Jrue Holiday, 6-3 SG, North Hollywood (Calif.) Campbell Hall. The biggest target for UCLA since, well, Kevin Love. The #3 player in the class nationally, Holiday has it all, and can play the 1,2, or 3. UCLA is pulling out all the stops, but is in a battle with Washington, with Holiday having eliminated Arizona and North Carolina. The long-held theory is that some of his family wants him to play with his older brother, Justin, who is committed to Washington, but that some want him to stay home.  During April and the evaluation tournaments, there was plenty of talk that UCLA was, in fact, leading for Holiday. Since, the overwhelming sentiment is that Holiday is going to be a Bruin. He was on UCLA's campus last week and all reports indicate the unofficial visit went very well. Holiday watched the team workouts, then hung out with some players, which included Jordan Farmar, and then went to dinner with them. Holiday will drop off his brother at Washington this weekend and give the Huskies another in-person shot at him. It's thought that he could make his decision soon after, possibly before the July evaluation period. If the Bruins did, in fact, get Holiday, the #3 player in the nation, it would cement their chances of being considered one of the top few recruiting class in the nation for 2008, with the #3 player in the nation and a total of four top 30 national prospects. It would also give Howland the three backcourt players he wants -- and wanted from the beginning -- a bit reminiscent of Howland, in his first class, getting Jordan Farmar, Arron Afflalo and Josh Shipp.

J'mison Morgan, 6-9 C, Dallas (Tex.) South Oak Cliff. The #37-ranked player in the nation, Morgan is a big body, probably weighing about 265, with good athleticism and decent skills. He looked good at the Kingwood Classic in Houston, where the UCLA coaches saw him, and which inspired them to get involved.  Other schools are starting to jump on the bandwagon, like Kansas, Alabama and Kentucky.  Morgan has said UCLA is on his list of favorites and that he wants to visit Westwood officially.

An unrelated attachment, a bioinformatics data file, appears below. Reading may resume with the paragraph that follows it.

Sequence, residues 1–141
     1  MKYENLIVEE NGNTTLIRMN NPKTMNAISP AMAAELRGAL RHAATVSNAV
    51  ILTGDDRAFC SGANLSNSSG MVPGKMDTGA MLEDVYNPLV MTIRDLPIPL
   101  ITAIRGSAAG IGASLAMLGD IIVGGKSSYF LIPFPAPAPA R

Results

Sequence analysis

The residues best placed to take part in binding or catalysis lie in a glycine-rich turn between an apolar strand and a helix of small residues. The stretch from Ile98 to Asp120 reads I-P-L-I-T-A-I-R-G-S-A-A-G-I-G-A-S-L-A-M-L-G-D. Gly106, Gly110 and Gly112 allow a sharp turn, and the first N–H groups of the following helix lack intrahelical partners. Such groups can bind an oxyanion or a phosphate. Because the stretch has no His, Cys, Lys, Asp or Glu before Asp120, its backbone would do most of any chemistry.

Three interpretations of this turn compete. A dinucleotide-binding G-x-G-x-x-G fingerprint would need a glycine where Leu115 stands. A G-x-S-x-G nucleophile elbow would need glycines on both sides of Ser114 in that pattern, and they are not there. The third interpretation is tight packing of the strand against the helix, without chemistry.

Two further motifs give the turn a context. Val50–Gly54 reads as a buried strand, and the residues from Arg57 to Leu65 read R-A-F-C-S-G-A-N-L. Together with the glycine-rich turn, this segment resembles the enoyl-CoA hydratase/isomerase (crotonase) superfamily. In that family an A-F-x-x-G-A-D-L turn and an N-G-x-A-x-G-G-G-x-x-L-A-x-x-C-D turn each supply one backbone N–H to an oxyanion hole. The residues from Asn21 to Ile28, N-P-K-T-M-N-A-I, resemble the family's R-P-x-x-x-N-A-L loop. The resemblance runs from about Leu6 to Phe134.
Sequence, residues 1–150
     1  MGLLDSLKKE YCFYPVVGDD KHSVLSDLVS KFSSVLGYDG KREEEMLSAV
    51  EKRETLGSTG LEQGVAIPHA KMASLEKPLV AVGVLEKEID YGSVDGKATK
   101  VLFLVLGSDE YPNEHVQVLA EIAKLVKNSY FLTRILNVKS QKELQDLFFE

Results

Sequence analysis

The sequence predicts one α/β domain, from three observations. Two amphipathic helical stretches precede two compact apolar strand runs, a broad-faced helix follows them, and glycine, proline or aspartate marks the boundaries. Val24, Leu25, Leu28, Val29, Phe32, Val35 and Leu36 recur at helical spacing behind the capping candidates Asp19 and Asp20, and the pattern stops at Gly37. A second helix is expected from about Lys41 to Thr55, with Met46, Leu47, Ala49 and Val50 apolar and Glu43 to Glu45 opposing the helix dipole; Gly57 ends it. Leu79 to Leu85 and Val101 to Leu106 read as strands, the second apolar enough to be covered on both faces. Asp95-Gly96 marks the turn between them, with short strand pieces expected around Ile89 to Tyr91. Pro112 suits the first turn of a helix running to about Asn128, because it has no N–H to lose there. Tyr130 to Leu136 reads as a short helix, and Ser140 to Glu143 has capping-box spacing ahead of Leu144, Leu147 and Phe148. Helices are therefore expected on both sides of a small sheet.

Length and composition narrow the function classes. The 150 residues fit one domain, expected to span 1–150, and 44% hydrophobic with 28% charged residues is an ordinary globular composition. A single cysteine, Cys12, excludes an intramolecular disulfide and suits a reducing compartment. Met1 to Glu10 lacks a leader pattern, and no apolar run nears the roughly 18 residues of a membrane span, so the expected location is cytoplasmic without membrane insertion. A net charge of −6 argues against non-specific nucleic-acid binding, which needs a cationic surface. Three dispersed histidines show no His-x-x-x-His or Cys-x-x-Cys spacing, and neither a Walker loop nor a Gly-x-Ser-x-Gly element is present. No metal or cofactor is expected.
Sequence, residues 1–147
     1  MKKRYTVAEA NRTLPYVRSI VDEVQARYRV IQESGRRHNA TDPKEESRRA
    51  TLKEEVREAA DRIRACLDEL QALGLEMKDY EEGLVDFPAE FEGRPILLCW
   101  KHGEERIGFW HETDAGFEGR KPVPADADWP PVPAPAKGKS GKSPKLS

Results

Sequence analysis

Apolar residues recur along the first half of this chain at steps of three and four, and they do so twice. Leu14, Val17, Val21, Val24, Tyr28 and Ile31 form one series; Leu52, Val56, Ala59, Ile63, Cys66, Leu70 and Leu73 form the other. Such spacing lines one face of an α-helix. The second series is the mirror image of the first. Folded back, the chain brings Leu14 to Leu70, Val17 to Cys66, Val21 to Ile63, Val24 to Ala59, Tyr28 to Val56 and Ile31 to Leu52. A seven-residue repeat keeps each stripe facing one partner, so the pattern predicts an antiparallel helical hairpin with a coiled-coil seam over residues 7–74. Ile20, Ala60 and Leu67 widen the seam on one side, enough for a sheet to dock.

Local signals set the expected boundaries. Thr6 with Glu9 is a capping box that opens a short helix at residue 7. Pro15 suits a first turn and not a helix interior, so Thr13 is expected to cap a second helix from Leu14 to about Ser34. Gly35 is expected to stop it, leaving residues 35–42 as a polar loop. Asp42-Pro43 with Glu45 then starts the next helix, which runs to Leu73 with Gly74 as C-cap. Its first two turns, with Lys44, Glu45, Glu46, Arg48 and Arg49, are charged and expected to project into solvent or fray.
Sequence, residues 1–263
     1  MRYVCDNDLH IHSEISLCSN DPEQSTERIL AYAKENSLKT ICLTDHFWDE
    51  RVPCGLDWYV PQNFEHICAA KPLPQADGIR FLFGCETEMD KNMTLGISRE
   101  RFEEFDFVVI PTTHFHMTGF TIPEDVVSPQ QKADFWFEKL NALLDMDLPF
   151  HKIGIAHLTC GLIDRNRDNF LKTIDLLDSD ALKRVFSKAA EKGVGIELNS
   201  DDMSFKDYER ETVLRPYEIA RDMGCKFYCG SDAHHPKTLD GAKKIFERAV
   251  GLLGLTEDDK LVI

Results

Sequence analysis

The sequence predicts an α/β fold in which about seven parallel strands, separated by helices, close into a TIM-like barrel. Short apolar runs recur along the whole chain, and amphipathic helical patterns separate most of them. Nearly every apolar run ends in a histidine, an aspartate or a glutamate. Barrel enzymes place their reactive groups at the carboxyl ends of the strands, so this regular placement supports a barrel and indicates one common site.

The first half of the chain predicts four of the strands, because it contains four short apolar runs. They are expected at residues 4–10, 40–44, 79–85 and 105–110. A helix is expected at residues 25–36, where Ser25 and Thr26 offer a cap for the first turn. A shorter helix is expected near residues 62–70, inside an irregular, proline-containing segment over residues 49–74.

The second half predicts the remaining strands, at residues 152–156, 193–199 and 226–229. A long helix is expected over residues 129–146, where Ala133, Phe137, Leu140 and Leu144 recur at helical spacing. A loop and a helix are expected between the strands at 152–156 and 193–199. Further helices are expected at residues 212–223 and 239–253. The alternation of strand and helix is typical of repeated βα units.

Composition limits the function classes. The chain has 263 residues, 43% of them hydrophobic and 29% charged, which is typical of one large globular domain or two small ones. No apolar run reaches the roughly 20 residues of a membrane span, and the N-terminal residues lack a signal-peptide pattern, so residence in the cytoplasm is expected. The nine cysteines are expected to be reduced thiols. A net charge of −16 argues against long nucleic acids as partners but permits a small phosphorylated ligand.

Tyler Zeller, 6-11 C, Washington (Ind.) High. The brother of current Notre Dame sophomore Luke Zeller, Tyler has grown and stretched out in a year, moves well for a guy his size and has skills. He looked good on the Indiana Elite team that beat the Pumps in the final of the Kingwood Classic, with Howland looking on.  UCLA is trying to get involved but, at this point, there's no knowledge about whether Zeller would be interested. In fact, with UCLA showing interest, Zeller has yet to mention the Bruins.

John Brandenburg, 6-10 C, St. Louis (Missouri) De Smet Jesuit. Physically picture James Keefe but about an inch or so taller. Brandenburg runs very well for his size, too, but is pretty raw skills-wise. He'd probably be a project at UCLA's level, but there has been some interest from Brandenburg, so UCLA is scouting him.

Michael Dunigan, 6-9 C, Chicago (Ill.) Farragut Academy. The #20-ranked player in the nation, Dunigan is a tough, strong inside guy that has the likes of Florida, Georgetown and Indiana on him. UCLA is looking into the situation and whether they'd have a chance to get involved.

Al-Farouq Aminu, 6-9 Post, Norcross (Georgia) High. The #5 player in the nation, Aminu is a tough, athletic stud.  He can really get off the floor quickly, which he uses to dominate the glass, playing above the rim. He's being pursued by all the big names in the country and UCLA is trying to see if they can crack into that crowd.